With both mourning and praise, it is proper and fitting to honor the passing of the revered statesman and longtime Senator from Arizona, John McCain. Here in his final earthly state lies a maverick -- not merely a maverick among the heroes of fighter pilots and the halls of government, but a maverick of soul, of duty to country, of the better angels of American greatness.
McCain was not a man easily given over to quick wins. As a prisoner of war, he endured years of torture in enemy camps before returning, injured but alive, proud and triumphant. That is why it should come as no surprise when he proved to be the last line of resistance against President Donald Trump's attempt to get a "quick win" on repealing and replacing Obamacare in time for Congress's summer recess. McCain stood before his Senate colleagues last year to deliver a classic speech on bipartisanship and parliamentary procedure. While casually mentioning his own existential health struggles, with the bland understatement, "I look a little worse for the wear," McCain displayed fortitude and valor that one rarely sees in Washington.
The effort to repeal and replace Obamacare -- a central tenet of not just the president's agenda but the entire GOP platform -- would have seemed to be an exceedingly low bar for the White House and Senate Republicans to clear. After the GOP leadership in the Senate shifted parliamentary rules to achieve the confirmation of Neil Gorsuch to the Supreme Court earlier that year, the Senate still could not reach a broad consensus. Despite the usual cajoling, the threats and sweeteners, McCain saw a more fundamental principal at stake than partisan advancement.
Not that political considerations held no sway over the matter. McCain's valiant stand was aided in part by the blowback the president received from his attempt to publicly disgrace his own attorney general, Jeff Sessions. Sessions' agreement to recuse himself from the Russia investigation because of possible conflicts of interest received little opposition from the president at the time, because he apparently believed that firing General Mike Flynn and distancing the AG would be enough to put to bed controversy over possibly improper relationships with the Russian government during the 2016 presidential election.
It is not as if McCain, the elder statesman, and Trump, the insurgent president, did not have a history of antagonism. Trump famously insulted McCain early in his campaign, rejecting his war hero status in a petty and unnecessarily low blow. In a maneuver resembling the OODA loops he rehearsed endlessly as a fighter pilot and employed adroitly in his political career of 50-plus years, the captive turned the table on the captor. McCain got what many believe to be a justifiable comeuppance by ceremoniously and conspicuously obstructing the president's rushed agenda on health care. He also won a reprieve for the GOP to get its ducks in order and put together a winning strategy on health care. It is one thing to be obstructionist when the other side has the ball, but quite another to advance an agenda when it's your turn to govern.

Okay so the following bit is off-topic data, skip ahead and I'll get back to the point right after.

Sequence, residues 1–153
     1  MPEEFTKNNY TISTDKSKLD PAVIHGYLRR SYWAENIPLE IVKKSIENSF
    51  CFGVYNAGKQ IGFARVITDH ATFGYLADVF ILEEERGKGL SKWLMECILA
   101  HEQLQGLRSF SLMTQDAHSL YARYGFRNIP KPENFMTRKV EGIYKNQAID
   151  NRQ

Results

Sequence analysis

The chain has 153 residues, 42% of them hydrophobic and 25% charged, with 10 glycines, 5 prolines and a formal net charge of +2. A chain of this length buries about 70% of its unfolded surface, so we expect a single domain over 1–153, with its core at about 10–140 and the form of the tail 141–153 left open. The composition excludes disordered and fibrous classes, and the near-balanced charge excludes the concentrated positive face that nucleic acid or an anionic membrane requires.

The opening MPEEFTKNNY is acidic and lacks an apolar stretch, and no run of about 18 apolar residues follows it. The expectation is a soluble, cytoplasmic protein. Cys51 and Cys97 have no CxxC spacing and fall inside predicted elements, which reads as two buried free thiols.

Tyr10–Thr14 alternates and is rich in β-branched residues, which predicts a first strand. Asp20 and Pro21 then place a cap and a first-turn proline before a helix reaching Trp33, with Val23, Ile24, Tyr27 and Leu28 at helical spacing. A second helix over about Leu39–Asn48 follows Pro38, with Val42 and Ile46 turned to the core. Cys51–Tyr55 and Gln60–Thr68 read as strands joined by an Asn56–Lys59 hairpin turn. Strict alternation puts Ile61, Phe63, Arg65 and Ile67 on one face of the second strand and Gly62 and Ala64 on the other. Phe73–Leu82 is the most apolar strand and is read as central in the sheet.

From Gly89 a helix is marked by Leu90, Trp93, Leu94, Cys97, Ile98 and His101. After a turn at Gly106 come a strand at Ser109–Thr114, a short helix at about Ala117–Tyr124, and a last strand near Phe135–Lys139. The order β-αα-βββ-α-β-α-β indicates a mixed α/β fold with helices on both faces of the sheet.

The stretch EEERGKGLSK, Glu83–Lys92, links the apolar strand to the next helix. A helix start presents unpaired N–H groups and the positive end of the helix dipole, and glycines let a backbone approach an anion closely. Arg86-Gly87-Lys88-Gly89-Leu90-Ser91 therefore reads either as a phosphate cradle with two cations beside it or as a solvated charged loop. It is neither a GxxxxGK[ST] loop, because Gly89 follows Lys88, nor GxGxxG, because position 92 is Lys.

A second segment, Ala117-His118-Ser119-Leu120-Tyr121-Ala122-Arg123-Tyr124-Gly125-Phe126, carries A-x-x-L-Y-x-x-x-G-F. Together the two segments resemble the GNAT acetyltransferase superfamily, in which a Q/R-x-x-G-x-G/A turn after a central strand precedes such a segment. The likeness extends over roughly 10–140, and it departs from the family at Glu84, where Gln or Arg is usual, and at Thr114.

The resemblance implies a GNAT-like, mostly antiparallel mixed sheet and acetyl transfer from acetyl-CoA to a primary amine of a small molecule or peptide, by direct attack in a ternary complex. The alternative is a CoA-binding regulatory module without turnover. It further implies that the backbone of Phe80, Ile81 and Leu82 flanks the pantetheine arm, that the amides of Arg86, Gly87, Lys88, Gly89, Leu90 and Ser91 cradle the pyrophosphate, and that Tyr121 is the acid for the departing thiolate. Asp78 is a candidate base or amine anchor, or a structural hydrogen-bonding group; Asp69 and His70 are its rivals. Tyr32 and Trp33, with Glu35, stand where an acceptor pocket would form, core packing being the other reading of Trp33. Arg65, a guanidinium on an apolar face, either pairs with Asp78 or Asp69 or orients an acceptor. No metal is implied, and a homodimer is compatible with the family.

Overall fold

In curbing the path to political expediency, McCain reminded our nation that in this time of extreme partisanship and rancor, we are failing to live up to our most cherished ideals. McCain's position on Obamacare was unknown. He has been a vociferous critic of the legislation's failures, including the parliamentary sleights of hand Democrats used to force its passage (primarily mischaracterizing the individual mandate as a 'penalty' and not a 'tax'). He also railed against the sudden balloon in premiums for enrollees, which was the result of faulty enrollment assumptions by the bill's architects.
McCain was certainly no fan of Obamacare. But he was a fan of our democracy. His 30 years of service in the Senate, and before that his service as a naval aviator and war hero, earned him gravitas to critique the process by which the government pursued the attempted overhaul. Congress and the president tried to repeal the Obamacare on the cheap. The states, including GOP-led states, that had come to rely on the Medicaid expansion would have suffered. GOP governors in those states would have paid a high political price were the expansion removed without an adequate replacement. Moreover, the upside -- an early win for the president in his first year -- could not have compensated for the political fallout that might have beset the party.
Putting party politics aside for the moment, let us consider the effect of radically altering the health care environment of the American people. By CBO estimates, the various Republican plans would have removed coverage for between 22 million and 30 million Americans. That is not what we wanted as a nation. We want a situation in which Americans are healthy and productive, while enjoying a health care system that is robust and fiscally sound.
That, as McCain rightly chided us, is going to require work. The arcane and deliberative rules of the Senate were designed by the Constitution's framers to force broad consensus and incremental change. We are not a kingship, but a republic that stands united or falls in division. That is the grand bargain we struck when we declared ourselves a free people, and threw off the autocratic rule of the England's monarchy. By design, achieving the goal of democratic rule by, of and for the people requires more than the stroke of a pen or an executive order. We win as an American republic when we faithfully observe the democratic process.
McCain was a life-long champion of the American people. He dedicated and sacrificed his life and career to public service. There is no doubting his purity of thought and intention. By sending us back to the drawing board on Obamacare, he forced us to come to grips with our shared destiny as Americans. In taking a stand for principle over politics, John McCain performed perhaps his most valiant act of public service.